Busy Singapore Grand Prix weekend for FIA Stewards
By Berthold Bouman
A busy weekend for the FIA Stewards present at the Singapore Grand Prix this weekend, this time ex-Formula One driver Allan McNish represented the drivers.
On Saturday Marussia driver Charles Pic, who overtook a car under red flags during the final free practice session, got a 20-second penalty to be added to the driver’s elapsed race time of the Japanese Grand Prix, in addition Pic and his team engineer have to ‘perform 1 day’s Community Service for FIA Action for Road Safety campaign at the instruction of the FIA President’.
Also on Saturday it was announced Pedro de la Rosa had incurred a five-place grid penalty for changing his gearbox, Bruno Senna got the same penalty after qualifying for changing the gearbox after he had crashed into the wall.
Mark Webber was reprimanded for leaving the track twice at the end of Q3, according to the FIA Stewards Webber could not offer ‘a justifiable reason for deliberately leaving the track’. Not a good weekend for Webber as he also during qualifying was accused of impeding the Marussia of Timo Glock, but the FIA Stewards, after viewing the video and telemetry evidence, decided no impeding had occurred.
But on Sunday Webber lost the one point he had scored by finishing in tenth position, as the FIA Stewards concluded the Australian had left the track while overtaking the Sauber of Kamui Kobayashi. Webber was handed a post-race drive-through penalty, which meant 20 seconds was added to his elapsed race time and thus the Red Bull driver lost his 10th place.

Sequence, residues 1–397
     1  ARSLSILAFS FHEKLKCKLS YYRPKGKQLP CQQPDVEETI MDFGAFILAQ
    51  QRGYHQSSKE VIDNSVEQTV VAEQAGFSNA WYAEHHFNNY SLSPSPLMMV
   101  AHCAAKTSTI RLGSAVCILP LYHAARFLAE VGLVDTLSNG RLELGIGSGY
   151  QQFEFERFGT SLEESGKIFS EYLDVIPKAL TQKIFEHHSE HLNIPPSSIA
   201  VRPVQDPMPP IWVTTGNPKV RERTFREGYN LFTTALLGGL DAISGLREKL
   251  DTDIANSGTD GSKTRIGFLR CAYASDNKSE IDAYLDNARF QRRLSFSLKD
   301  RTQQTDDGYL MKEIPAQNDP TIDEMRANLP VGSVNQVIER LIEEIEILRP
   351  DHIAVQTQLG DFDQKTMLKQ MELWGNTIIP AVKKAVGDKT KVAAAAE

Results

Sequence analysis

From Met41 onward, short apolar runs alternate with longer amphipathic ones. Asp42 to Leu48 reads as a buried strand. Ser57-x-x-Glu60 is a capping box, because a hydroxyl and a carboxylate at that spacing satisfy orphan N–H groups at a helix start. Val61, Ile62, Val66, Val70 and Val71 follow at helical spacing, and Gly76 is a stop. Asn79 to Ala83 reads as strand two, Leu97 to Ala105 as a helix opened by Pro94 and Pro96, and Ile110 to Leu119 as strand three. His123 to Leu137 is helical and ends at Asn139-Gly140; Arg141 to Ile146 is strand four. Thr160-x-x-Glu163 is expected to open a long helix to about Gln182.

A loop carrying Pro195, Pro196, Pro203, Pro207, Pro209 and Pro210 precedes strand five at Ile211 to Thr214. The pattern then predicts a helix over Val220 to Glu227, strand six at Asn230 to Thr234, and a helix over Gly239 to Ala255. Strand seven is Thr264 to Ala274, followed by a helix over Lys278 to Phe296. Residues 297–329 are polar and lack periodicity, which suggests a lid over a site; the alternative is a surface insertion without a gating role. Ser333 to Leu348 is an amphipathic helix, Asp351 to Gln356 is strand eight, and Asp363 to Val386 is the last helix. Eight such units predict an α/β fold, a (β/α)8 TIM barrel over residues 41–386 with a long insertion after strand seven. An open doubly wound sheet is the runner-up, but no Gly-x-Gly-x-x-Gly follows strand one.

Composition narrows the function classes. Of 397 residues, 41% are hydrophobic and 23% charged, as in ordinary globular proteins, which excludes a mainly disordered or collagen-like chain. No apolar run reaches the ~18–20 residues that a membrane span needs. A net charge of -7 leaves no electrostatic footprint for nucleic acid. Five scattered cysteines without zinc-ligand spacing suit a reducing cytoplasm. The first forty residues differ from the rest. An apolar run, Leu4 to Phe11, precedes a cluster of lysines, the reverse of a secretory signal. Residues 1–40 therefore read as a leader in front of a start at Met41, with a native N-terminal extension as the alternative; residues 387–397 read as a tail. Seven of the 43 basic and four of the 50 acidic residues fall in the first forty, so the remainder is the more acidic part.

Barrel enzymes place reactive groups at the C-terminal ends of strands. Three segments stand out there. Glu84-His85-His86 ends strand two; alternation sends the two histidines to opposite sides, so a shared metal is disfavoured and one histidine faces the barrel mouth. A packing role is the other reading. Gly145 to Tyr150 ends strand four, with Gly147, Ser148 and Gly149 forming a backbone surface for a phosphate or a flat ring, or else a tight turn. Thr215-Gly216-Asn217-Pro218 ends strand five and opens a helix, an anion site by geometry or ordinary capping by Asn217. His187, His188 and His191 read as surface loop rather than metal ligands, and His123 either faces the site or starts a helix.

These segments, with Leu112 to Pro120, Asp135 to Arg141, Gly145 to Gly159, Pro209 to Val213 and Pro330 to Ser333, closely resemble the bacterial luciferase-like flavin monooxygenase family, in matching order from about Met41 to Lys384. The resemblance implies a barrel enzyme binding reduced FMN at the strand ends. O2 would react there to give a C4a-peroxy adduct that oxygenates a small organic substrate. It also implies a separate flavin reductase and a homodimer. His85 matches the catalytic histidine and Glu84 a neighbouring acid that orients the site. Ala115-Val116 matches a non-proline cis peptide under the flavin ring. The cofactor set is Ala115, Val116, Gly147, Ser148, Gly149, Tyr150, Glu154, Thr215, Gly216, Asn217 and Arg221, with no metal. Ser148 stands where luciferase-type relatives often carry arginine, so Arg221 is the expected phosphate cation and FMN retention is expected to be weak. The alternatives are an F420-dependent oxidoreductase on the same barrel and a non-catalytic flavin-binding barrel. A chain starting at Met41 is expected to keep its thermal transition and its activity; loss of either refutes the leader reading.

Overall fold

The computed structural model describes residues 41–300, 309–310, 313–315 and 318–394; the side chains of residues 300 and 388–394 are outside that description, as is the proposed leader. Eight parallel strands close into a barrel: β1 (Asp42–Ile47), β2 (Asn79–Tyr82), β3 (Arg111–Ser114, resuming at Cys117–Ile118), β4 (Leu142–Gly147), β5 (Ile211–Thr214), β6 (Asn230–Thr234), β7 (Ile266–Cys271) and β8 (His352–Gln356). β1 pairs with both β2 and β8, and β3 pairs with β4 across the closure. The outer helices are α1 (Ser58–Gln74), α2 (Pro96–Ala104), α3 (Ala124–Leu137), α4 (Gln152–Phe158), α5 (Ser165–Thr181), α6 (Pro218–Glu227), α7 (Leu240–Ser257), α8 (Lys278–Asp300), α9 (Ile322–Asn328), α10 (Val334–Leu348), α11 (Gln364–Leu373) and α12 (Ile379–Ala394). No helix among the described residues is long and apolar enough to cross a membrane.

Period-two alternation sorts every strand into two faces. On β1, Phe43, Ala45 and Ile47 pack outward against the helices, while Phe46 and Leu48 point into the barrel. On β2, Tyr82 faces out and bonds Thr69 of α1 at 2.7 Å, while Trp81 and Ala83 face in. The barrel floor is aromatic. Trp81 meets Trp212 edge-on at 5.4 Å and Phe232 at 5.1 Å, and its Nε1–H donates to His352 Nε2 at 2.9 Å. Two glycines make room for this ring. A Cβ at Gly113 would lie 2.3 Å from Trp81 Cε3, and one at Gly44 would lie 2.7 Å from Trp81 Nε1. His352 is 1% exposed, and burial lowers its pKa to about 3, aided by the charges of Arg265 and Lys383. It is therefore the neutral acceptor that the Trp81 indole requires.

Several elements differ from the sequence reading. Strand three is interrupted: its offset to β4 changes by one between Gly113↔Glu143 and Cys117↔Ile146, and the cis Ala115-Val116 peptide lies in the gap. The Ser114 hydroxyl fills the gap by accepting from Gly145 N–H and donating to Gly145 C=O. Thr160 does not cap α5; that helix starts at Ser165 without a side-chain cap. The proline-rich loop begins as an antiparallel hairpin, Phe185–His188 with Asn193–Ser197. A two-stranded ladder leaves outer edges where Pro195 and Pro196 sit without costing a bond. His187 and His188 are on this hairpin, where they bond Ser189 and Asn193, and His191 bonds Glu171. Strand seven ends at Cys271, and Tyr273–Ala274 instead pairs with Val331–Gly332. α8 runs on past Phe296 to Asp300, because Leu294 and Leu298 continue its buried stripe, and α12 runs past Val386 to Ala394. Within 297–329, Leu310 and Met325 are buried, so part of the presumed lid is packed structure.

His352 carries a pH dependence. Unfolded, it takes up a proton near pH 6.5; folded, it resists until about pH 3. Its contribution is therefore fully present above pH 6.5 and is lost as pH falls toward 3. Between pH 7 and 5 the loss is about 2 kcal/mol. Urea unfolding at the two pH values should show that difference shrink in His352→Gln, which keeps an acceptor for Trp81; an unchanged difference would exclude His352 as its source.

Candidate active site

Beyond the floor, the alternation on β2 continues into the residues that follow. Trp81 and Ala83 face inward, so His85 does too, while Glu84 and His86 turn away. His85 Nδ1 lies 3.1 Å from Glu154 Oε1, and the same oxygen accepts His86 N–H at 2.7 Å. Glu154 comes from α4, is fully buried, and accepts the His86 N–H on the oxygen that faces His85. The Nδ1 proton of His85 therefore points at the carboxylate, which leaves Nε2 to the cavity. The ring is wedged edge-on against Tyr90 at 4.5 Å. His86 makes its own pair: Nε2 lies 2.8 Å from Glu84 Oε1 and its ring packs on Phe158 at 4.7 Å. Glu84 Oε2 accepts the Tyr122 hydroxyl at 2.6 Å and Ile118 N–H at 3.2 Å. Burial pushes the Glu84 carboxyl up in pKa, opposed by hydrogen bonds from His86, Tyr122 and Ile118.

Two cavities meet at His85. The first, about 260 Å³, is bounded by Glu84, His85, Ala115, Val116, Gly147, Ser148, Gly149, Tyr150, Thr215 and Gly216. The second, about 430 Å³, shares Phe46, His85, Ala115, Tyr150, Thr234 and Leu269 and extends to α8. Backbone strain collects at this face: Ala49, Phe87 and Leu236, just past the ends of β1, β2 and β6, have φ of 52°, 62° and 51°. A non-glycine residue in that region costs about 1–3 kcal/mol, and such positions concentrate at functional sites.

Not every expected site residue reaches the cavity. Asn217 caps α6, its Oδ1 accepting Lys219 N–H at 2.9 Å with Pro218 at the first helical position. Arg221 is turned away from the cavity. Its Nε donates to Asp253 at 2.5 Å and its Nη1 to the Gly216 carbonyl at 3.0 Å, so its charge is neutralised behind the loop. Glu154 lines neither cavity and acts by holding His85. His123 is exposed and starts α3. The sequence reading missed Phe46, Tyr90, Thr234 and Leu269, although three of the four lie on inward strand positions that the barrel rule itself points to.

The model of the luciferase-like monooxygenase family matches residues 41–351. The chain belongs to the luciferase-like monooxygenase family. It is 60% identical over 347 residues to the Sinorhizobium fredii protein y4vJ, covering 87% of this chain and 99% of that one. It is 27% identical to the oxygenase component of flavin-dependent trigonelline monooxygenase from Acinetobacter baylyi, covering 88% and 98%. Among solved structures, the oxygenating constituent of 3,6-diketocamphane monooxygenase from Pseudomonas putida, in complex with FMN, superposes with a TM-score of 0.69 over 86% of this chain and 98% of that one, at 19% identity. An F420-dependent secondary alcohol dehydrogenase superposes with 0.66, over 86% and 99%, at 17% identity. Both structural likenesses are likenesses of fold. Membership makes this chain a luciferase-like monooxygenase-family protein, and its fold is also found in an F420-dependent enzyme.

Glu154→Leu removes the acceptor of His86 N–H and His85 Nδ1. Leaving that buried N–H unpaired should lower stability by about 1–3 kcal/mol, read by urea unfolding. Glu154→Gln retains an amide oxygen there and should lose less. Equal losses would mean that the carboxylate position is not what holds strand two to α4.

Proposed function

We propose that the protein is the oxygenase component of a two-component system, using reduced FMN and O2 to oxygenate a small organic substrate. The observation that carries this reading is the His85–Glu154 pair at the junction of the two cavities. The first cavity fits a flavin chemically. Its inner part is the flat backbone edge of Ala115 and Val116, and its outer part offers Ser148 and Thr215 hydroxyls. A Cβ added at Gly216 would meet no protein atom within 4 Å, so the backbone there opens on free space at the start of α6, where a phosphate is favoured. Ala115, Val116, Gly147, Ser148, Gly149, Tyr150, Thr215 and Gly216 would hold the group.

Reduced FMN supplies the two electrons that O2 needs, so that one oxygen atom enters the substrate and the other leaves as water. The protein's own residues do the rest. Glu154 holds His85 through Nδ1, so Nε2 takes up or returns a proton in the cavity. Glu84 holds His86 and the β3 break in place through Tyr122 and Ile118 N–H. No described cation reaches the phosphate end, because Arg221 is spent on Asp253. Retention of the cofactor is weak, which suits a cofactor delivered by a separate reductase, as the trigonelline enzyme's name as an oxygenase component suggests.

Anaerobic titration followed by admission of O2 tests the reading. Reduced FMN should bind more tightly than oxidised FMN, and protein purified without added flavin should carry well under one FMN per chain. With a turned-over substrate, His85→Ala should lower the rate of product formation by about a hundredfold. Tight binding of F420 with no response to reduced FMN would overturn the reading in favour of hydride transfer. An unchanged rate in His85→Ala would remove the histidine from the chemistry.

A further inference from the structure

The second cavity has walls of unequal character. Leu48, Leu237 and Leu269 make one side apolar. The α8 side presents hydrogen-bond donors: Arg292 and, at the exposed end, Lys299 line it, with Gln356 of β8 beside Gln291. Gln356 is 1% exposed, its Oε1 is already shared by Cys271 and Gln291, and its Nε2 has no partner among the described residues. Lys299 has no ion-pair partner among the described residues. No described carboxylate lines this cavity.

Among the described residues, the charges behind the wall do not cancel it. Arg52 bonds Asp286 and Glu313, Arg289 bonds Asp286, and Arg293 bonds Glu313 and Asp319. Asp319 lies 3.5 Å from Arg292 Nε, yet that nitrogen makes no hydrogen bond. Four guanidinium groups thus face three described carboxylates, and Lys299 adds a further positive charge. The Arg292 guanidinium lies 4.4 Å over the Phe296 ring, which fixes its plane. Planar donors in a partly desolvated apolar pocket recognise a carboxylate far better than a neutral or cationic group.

Michael Schumacher incurred a ten-place grid penalty for the collision with the Toro Rosso of Jean-Eric Vergne, both drivers had to retire. A FIA statement read, “The driver admitted the collision was his error due to the failure to anticipate the braking performance of the car with lower tyre grip following a safety car period.”
And last but not least, the numbers one and two in the race, Sebastian Vettel and Jenson Button, were summoned to see the FIA Stewards after Button had complained about Vettel’s sudden braking after the first Safety Car period of the race.
In a statement the FIA Stewards concluded, “An examination of the telemetry overlay for throttle, steering and brake traces of both cars did not indicate any erratic driving behaviour on the part of the race leader.”
Vettel said his sudden braking was not intentional, “You try to warm up your tyres and also try to keep the brakes at the right temperature. So it was possible that he was looking at his steering wheel and I was braking a bit abruptly and then you almost meet at a spot where you both would not want to be.”
Button said after the race it wasn’t a brake test, “Sebastian is not a stupid driver, he knows if he brake tests me we are going to crash. I was not trying to get him penalised, I was just looking for clarification of where we are.”